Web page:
This period ends when the Kaddish is said at the eulogy. The Kaddish is a prayer said by a mourner. It is a statement of God’s greatness and glory and a prayer for his world. It essentially brings the framework of faith back into the life of the mourner, it also has significance in some Jewish circles in terms of guiding the soul of the deceased.
This period is generally only for a few days.
Once the funeral is over the mourners enter the next stage of the grief/mourning process, called Shivah. This lasts for a cycle of seven days (the number seven represents completion…. Think creation).
During this period, the mourners remove themselves from the obligations of every day life and devote themselves to focusing on the memory of the departed and thinking about how they will honour the departed in their lives. The begin to engage once again in daily prayers and reading of Torah (it may not be studied though as this is considered to be a delight and therefore not appropriate for mourning), thus bringing the framework of their faith back into their grief process.
The seven days of Shivah are spent in a house of mourning (usually the home of one of the mourners, so it is a familiar, comfortable environment). During this time it is considered a great duty to visit the mourners (to make a ‘Shivah call’). The expectation on those visiting the mourner is that they will pray with them, study Torah and cook meals. At no time are the permitted to do anything in speech or deed that would invoke false happiness on the part of the mourner or cause them to put on a plastic smile. The person doing the Shivah call is there to support, to visit and to listen. Most of the time this may involve simply being there and not expecting anything.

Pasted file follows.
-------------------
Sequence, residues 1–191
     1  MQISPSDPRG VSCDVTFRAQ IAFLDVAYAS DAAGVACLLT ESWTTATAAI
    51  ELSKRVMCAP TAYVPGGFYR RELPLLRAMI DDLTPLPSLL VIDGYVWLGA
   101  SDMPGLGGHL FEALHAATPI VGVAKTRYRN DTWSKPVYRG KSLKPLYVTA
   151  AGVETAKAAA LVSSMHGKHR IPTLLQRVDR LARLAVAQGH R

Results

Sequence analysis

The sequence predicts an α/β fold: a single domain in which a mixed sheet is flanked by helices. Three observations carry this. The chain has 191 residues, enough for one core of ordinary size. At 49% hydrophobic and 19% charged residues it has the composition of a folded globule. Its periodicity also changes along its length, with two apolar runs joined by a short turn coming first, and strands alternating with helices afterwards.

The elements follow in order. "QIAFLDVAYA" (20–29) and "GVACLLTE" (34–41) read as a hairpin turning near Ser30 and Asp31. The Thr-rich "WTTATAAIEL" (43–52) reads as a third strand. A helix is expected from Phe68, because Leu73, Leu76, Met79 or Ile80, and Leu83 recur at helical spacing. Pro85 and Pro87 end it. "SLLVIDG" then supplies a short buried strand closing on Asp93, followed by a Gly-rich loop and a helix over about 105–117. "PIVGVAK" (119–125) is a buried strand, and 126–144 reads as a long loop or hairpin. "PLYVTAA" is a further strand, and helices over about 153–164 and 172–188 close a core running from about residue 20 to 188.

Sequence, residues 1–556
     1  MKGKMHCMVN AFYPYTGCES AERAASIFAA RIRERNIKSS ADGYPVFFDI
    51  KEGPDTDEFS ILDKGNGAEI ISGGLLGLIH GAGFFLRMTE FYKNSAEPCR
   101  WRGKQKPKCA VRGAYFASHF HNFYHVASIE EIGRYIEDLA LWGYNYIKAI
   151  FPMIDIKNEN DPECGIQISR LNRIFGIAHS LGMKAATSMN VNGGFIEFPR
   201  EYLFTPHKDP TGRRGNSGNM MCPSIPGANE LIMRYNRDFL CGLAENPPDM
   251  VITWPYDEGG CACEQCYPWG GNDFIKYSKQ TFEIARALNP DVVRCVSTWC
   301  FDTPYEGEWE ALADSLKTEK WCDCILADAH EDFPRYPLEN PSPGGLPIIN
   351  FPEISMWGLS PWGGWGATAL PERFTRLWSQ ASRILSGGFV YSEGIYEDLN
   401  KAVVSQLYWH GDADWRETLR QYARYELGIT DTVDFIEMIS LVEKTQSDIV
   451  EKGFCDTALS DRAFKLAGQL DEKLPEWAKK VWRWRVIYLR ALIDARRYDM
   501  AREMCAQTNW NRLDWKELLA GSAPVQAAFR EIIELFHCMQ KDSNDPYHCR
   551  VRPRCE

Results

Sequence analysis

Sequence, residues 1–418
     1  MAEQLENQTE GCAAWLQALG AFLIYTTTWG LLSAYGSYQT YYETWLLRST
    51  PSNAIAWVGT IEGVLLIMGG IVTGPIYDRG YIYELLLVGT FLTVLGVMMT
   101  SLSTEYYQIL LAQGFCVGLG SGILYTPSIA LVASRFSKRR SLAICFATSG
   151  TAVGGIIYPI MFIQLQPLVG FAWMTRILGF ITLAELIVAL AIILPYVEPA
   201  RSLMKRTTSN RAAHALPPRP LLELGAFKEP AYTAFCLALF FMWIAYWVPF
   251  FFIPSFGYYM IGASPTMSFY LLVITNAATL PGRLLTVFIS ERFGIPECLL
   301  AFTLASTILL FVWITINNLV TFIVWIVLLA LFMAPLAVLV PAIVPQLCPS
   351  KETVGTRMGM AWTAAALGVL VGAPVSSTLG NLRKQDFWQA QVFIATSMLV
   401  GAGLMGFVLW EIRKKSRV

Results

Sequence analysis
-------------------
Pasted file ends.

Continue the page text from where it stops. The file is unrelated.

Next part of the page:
During Shivah, it is customary for those in the house of mourning to sit on low stools or cushions, representing amongst other things, the lowness of grief. Candles are lit for the seven day period to mark the reason for the grief (death) and there are other customs in place to channel the grief and mark the memory of the deased.
The first three days are the most significant and intense during the period of Shivah. Note in the account of the death of Lazarus, Jesus allows this time to pass and held back, turning up on the fourth day after the funeral during the period of Shivah. He allows the most intense mourning periods to pass before he performs his miracle.